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Grape Mealybug

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Mealybug
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Citrus mealybugs at the underside of a leaf.
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Adult long tailed mealybugs Pseudococcus longispinus.
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Adult banana mealybugs Pseudococcus elisae.

Scientific Name

Pseudococcus maritimus

Biology

Description

The grape mealybug (Homoptera: Pseudococcidae) has a flattened, oval pink body covered in a mealy white wax coating. It is somewhat segmented in appearance, but the divisions between head, thorax and abdomen are not distinct. Mature wingless females are about 5 mm long. They have long waxy filaments along the edge of the body that are longest at the rear and become progressively shorter toward the front end. Large numbers of eggs are laid in cottony masses. The smaller, winged males have a pair of long, white anal filaments. Yellow to brown crawlers that emerge from the oval, orange eggs are not covered in wax. All stages are mobile.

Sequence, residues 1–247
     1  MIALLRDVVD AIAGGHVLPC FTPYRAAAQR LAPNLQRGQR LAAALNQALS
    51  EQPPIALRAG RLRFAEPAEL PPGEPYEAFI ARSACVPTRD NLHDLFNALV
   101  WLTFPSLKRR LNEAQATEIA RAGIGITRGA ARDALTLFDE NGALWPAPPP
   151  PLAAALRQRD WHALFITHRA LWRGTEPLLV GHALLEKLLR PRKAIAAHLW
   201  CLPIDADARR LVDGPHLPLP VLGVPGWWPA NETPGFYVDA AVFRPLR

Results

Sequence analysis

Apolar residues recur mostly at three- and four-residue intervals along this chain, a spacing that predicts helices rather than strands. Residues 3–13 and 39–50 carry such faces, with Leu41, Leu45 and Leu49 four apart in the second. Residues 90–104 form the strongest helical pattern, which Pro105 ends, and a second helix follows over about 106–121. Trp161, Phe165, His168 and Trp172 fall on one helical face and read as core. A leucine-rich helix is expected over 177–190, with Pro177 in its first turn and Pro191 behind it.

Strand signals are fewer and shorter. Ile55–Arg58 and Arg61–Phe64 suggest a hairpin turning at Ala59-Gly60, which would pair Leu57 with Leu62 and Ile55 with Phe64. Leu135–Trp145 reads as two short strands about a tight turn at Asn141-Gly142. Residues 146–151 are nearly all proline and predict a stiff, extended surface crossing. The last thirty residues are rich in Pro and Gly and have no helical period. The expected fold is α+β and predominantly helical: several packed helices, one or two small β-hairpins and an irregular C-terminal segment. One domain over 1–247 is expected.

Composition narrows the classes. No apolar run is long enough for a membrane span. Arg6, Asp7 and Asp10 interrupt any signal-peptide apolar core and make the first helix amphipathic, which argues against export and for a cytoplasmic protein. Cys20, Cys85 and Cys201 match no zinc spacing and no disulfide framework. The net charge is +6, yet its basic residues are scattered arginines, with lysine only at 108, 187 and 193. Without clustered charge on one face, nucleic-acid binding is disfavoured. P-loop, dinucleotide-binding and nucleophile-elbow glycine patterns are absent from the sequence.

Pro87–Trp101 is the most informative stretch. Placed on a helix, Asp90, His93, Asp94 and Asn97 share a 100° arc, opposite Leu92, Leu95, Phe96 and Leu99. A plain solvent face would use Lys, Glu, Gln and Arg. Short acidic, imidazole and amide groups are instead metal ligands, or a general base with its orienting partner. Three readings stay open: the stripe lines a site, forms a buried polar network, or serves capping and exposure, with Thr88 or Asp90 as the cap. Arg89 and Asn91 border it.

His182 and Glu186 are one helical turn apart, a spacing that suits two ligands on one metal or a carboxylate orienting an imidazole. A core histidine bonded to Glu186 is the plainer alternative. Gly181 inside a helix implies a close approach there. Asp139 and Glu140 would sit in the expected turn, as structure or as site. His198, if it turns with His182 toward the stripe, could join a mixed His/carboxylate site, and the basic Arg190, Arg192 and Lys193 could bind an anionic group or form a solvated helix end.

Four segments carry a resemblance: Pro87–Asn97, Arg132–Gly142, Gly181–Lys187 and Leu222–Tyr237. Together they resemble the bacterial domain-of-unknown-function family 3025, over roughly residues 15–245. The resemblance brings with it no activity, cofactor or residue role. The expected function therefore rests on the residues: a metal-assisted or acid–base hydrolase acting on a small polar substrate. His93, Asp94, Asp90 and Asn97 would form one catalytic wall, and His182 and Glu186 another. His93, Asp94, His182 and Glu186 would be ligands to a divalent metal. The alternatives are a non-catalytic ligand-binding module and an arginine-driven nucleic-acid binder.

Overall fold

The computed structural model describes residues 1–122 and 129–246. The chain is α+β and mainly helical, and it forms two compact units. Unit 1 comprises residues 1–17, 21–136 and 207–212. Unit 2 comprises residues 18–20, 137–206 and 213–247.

Damage

Damage is similar to that for soft scale. Plant sap is removed during feeding and large amounts of honeydew foul the fruit and promote the growth of sooty mold fungus. Most fruit damage occurs during the development of the second brood in late summer. Mealybugs can infest grape bunches and are known to transmit certain strains of leafroll virus.

Lifecycle

Females move in late fall to old wood and lay overwintering eggs in cottony egg masses under loose bark. Crawlers, some of which might have hatched in fall and remained dormant throughout the winter, move to new shoots in spring. Grape mealybugs mature  and produce a 2nd generation that matures in late autumn. They can occur on all plant parts but are more common in summer on leaves and new growth, usually hidden within the canopy.

Damage is similar to that for soft scale. Plant sap is removed during feeding and large amounts of honeydew foul the fruit and promote the growth of sooty mold fungus. Most fruit damage occurs during the development of the second brood in late summer. Mealybugs can infest grape bunches and are known to transmit certain strains of leafroll virus.

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